Internet Business 

The Internet, often called the Information Superhighway by the media, connects computers all over the world to a degree not even anticipated by futurists. With the Internet growing at an astounding rate, businesses around the world see a wealth of opportunity presented by this new medium. Some companies see the Internet primarily as a tool for speeding existing business processes. Others see it as a way to offer new services and to create new sources of revenue. Prophets tell of the day when all business transactions, ranging from customer service to buying and selling of goods and services, can be conducted on the Internet.

The Internet is a large network formed by the interconnection of the computer networks and individual computers all over the world, via phone lines, satellites, an other communications systems. The Internet has it roots in ARPAnet, established by the Advanced Research Projects Agency. It was a research and defense network created by the US Department of Defense in the early 1970s to research network systems and to allow scientists and researchers better communication and data exchange for other projects. One of the early outcomes of this initiative was the development of new ways of routing data via multiple paths using units of data called packets, the destination address of each packet was built into its structure. These methods became the standards known today as Transmission Control Protocol/Internet Protocol (TCP/IP), and form the common language of the Internet allowing different types of computers and different types of networks to interact.

User Friendly for Business

The Internet has become user friendly both for individuals and for businesses. In the past, business activities on the Internet were indeed limited, but now, not only can business be done on the Internet,  it is being done by tens of thousands of business.
Business access, previously confined  mostly to business dealing with government contracts, is now readily and inexpensively available to all business. Business can now be  online 24 hours a day, 7 days a week, world-wide.

User Friendly for People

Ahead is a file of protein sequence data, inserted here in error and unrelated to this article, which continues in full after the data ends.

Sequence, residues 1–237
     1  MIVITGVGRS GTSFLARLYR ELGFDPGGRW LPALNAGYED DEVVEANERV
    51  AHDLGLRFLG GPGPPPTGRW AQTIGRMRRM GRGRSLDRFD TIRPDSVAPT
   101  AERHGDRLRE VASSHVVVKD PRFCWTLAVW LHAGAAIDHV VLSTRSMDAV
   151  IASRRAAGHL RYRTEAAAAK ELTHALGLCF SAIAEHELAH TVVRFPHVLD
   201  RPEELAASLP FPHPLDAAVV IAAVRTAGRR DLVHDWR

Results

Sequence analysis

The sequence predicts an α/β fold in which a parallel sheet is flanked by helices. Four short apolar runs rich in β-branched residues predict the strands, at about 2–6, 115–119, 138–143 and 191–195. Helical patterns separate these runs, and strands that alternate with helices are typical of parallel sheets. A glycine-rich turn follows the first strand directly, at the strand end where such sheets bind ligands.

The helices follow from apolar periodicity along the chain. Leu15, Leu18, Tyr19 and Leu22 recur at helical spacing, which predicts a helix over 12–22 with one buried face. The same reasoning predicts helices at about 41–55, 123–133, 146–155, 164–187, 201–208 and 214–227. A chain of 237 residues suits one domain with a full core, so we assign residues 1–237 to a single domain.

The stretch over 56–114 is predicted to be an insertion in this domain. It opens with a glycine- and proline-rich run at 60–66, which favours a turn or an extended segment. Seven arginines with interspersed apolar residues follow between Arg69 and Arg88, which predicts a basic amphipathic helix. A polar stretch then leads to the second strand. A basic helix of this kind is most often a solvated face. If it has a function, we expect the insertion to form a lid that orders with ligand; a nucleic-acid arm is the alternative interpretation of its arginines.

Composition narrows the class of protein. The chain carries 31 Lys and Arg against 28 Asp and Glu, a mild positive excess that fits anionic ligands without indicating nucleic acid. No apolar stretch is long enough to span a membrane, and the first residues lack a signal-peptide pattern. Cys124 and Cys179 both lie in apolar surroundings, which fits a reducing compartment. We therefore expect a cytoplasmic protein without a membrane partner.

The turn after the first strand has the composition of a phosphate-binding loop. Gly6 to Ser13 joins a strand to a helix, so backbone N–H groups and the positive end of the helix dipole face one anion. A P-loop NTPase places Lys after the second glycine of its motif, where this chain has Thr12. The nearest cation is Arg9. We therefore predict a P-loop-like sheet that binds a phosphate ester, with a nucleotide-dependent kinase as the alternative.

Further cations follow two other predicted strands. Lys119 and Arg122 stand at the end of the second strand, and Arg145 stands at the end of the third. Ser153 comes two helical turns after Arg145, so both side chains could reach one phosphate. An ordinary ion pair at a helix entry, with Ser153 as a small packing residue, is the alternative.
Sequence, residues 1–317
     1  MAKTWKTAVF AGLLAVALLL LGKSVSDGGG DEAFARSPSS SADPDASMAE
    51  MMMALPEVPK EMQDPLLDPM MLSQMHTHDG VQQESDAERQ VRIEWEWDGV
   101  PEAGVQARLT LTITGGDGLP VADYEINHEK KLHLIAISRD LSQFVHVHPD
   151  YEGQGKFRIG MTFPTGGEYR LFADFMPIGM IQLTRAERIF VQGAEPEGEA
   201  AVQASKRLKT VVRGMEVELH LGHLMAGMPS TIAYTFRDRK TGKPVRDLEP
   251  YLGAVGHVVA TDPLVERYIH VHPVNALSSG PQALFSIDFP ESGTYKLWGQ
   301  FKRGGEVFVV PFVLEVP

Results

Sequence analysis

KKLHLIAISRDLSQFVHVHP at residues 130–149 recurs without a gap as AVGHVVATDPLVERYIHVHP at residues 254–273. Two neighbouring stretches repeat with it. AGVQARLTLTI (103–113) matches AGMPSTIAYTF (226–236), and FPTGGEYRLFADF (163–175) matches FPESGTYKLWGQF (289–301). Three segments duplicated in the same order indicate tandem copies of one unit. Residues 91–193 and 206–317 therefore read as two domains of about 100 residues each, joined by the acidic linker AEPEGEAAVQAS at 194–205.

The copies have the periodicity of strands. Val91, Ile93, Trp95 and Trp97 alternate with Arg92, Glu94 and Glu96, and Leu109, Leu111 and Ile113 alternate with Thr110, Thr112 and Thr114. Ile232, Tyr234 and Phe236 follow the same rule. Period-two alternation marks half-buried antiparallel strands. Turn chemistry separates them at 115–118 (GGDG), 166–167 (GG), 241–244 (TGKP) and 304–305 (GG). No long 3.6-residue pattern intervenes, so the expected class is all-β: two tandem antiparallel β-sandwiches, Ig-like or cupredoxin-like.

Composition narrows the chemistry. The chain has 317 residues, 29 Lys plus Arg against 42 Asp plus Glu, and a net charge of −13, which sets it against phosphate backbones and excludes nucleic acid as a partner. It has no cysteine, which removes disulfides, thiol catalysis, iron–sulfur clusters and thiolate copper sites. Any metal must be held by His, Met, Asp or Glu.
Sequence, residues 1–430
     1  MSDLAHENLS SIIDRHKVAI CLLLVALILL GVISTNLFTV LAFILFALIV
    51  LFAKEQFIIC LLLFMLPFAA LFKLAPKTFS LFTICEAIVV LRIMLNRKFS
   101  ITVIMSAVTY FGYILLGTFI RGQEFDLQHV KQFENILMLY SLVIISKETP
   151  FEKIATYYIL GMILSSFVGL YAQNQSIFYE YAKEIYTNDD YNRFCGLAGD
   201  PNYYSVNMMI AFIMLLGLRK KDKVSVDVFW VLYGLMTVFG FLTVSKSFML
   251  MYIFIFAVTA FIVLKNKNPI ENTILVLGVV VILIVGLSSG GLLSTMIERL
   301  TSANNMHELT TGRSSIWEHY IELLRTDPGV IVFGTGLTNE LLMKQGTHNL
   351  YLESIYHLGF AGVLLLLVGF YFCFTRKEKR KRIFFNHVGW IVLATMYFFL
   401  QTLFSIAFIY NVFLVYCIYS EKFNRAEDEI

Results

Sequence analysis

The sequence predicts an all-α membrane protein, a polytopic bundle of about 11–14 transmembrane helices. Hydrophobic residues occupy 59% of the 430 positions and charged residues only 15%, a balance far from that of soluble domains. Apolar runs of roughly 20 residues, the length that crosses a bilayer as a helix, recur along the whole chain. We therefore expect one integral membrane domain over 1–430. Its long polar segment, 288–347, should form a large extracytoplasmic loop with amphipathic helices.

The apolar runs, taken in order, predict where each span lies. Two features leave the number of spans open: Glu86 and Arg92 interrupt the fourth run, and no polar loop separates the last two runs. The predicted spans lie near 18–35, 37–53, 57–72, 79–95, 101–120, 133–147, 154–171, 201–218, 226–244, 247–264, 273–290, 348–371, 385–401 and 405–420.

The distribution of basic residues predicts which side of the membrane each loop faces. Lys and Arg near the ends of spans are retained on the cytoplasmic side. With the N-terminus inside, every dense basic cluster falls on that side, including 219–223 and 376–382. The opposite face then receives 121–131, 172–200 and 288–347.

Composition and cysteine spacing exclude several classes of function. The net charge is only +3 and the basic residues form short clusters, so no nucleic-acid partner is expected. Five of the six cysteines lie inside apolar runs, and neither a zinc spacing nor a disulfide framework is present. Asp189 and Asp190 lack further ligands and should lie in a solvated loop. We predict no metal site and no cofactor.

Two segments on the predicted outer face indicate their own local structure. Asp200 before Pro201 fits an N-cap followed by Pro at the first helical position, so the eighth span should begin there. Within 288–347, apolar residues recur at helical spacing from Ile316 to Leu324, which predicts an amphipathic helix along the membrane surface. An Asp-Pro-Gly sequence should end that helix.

Until recently, an individual had to learn about many different Internet systems to make full use of Internet's resources. This included learning the nature of, and commands for  : FTP, Archive, Gopher, Veronica and WAIS. Now, however, fueled by the growth of the world Wide Web on the Internet, programs have been written that act as an interfaces between you and the Internet. These programs, called "browsers," provide a uniform, easy-to-learn way of dealing with the diverse  systems and resources on the Internet.

Excellent for Marketing and Sales 

The web is a system on the Internet that allows anyone to have a 24 hour-a-day "presence" on the Internet. Specially written files are placed on a computer connected full time to the Internet. Others on the Internet then can, by using one of the browser programs, view these files. Those "browsing" the Internet can be presented with  much more than words -- the files  can contain full color pictures, movies, sound, and interactive programs. Viewers indicate their choices of items on a Web page by pointing and clicking with their computer's mouse. These choices can be for other pictures, audio, lists, or even on-screen fill out forms that can be used to send responses to the business or individual that owns the Web page.
Here are just a few of the possibilities for marketing and sales using the World Wide Web

  • Full color virtual catalogs with formatted pages of text and pictures -- easily updated, with updates available to others immediately
  • On-screen order forms
  • Online customer support with graphics, photographs, sound, and text information
  • Worldwide distribution of product and other business announcements, without printing or mailing costs
  • Customer feedback, request, and survey forms, with data collected in files for you to use whenever you want

Today, for business on the Internet, the absolute hot spot is the World Wide Web. From kitchen table entrepreneurs to multinational conglomerates, businesses are creating their own business presence in cyberspace on the web. There are numerous business functions and activities that can be pursued by using the Web  online. These include communication (both internal and external), information management and distribution, public relations, customer service, technical assistance, cost containment, and, of course, marketing and sales.


References : 
Jill H. Ellsworth & Matthew V. Ellsworth, Marketing on the Internet, Second Edition, 1997
Terry Bernstein, Anish  B. Bhimani, Eugene Schultz, Carol A. Siegel, Internet Security for Business, Wiley Computer Publishing, John Wiley &  Sons Inc, 1996

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